Monday, April 8, 2013

The Yellow-crowned Night-Herons are back !

Last week while out and about I stopped off at a previous nesting area to find two pairs on nest in Charlotte, NC. Last year I only remember one pair at this location so it looks like the neighborhood is growing. The new nest is much higher and more difficult to see. I find it amazing that these herons are thriving in a busy neighborhood living directly above the road. As humans we worry about the cars below and the long fall to a hard service but obviously there getting something in return or they wouldn't be here. Could you imagine if you had these beautiful creatures to view on a daily basis as they rear their young. That would truly be special.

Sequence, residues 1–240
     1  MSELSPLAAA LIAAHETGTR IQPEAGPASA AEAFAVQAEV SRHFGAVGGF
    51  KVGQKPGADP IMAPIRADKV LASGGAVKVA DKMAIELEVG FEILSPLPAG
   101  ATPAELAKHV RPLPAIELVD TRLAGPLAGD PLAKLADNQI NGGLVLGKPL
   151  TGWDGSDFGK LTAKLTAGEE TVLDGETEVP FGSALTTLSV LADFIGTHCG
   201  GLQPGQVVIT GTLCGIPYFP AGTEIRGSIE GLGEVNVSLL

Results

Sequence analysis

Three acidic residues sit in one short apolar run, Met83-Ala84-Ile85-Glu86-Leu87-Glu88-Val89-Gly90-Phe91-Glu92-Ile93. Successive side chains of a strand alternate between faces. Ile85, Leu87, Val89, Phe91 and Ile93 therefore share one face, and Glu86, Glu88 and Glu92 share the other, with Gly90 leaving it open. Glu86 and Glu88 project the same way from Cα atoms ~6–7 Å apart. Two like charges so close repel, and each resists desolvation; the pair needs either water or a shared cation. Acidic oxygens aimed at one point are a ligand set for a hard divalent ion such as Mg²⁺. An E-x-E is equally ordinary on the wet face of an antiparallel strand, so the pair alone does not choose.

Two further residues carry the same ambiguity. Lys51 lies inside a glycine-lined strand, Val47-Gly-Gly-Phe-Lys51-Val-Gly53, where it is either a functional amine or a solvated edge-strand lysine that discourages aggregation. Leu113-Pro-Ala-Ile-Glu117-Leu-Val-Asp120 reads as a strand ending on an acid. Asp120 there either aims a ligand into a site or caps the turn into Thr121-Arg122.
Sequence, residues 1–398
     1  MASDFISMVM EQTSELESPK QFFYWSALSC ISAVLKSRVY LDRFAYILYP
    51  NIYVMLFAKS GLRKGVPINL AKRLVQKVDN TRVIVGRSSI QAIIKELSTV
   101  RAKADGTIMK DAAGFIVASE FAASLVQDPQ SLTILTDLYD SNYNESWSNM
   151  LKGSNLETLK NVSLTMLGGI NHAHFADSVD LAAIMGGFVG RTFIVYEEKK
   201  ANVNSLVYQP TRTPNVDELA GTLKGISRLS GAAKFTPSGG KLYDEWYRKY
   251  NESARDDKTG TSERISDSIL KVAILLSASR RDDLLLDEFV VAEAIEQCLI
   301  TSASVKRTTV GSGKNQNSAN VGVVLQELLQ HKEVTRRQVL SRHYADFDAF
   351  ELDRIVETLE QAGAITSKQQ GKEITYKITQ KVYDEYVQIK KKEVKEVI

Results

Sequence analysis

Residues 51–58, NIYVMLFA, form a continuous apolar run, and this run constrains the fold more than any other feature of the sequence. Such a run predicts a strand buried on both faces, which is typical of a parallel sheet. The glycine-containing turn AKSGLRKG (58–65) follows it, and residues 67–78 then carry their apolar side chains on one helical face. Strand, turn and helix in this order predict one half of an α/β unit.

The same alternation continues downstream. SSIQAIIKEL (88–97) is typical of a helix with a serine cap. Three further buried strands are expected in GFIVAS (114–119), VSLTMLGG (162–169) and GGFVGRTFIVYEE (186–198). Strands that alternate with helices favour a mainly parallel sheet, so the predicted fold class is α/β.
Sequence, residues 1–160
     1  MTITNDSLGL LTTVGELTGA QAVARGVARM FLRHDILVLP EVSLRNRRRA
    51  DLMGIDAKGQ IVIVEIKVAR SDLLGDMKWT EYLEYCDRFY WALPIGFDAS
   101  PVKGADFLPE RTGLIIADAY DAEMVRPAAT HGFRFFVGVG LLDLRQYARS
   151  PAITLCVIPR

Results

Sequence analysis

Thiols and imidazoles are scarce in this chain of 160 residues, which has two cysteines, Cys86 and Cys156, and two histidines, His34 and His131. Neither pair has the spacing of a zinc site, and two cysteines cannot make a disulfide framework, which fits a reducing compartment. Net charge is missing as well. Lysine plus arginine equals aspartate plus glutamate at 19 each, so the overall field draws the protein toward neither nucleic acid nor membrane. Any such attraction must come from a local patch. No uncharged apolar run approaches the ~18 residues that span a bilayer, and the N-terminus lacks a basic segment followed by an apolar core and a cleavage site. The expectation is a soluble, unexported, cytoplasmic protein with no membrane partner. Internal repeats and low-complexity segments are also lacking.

My first Pine Elfin since coming to NC 5 years ago

A few days ago I found myself carting my daughter about. She had a top she had just bought a few days earlier that was missing a button hole on one of the sleeves. So after leaving the JCP store in